The globalization is seen as a phenomenon of financial integration inevitably influencing international trade, various foreign investment, the expansion and growth of international financial transactions.

Globalization is the process by which the geographical distance becomes a less and less important factor in the establishment and development of cross-border economic, political and socio-cultural relations. The relations and dependencies networks acquire a growing potential to become international and global” (Bari, 2010, p. 40).

The economic and political globalization is centered on the decline of domestic markets and increasing the global ones, and due to the new fundamental changes occurred, the competition laws will have to be redefined while the firms and governments will have to learn how to adapt (Brakman, 2009).

Internationally, the economic organizations have the greatest importance in achieving global network. There are about 250 organizations and government bodies, while the number of NGOs is over 2,500. The central role is occupied by pan-global organizations, as for example the United Nations (Maftei, 2010, pp. 73-81), plus continental and regional organizations combining the economic interests with the political ones - Arab League, the Organisation of African Unity, etc. (Dobrescu, 2010, p. 38).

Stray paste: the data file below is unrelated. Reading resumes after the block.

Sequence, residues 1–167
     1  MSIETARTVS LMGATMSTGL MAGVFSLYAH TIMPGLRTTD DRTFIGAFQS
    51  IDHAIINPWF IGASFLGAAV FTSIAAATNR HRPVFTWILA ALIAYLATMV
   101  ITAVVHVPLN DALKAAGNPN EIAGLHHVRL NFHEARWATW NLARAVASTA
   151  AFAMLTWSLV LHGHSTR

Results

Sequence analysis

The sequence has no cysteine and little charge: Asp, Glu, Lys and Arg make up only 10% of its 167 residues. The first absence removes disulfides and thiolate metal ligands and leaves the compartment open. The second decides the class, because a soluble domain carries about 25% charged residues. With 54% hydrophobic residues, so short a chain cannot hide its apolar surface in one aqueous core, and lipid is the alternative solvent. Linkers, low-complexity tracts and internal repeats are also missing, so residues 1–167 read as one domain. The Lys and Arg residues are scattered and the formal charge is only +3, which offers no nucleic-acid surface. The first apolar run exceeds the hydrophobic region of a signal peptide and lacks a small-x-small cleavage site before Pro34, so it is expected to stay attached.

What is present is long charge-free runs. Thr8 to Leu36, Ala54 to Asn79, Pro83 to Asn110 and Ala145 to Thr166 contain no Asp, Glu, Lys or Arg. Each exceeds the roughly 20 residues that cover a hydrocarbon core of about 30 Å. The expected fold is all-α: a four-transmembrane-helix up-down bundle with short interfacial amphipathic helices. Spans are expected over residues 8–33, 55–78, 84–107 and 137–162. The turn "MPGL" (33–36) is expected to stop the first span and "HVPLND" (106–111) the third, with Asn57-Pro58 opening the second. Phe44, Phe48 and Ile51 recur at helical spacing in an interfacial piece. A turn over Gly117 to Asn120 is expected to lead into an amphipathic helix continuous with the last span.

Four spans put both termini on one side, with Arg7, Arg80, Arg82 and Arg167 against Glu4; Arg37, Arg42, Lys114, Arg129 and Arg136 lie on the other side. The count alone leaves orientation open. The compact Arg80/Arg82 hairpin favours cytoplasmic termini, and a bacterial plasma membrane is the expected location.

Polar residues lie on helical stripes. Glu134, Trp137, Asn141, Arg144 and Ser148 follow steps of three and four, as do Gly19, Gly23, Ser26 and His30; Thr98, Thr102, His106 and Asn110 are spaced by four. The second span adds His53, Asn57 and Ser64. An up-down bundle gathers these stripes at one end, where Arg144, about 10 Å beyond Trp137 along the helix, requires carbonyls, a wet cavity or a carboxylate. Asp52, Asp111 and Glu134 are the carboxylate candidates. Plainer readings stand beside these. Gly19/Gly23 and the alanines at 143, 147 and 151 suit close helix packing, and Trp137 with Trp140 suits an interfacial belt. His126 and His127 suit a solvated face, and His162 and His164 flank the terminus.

Transnational corporations have a key role in promoting global interdependence, which is constantly increasing. These companies increase exports of the host country, which favors the provision of capital which injects it.

The expansion of international production has, in Bari’s view (2010), three main factors:

  • Liberalization of economic policies (open borders, liberalization of investment flows, etc.);

  • Enhancing technological progress (reducing transport and communication costs, increased competitiveness, etc.);

  • Increasing competition (exploitation of new markets both to reduce costs and to capitalize finished product).

Globalization of the last decades of the twentieth century and the first two decades of the next century, is a process of international integration of national economies, particularly influenced by low cost of transport, but especially communications.5

Once the explosion of the information phenomenon, top economies (especially the Anglo-Saxon) may outsource unhindered the values worldwide: “macro-economic policies of yardstick countries of the global economy reverberates on all world economies, with deep exogenous implications on the economic performance of the world” (Coșea, 2007, p. 57).

Globalization is basically a re-balancing of competing forces, which theoretically want to share the same responsibilities, whether large or small, looking like: “relentlessly about something that has sent in present its substance that has significance only in the future tense, but assaults us as if it would be an irreversible present” (Dinu, et alli, 2009, p. 343).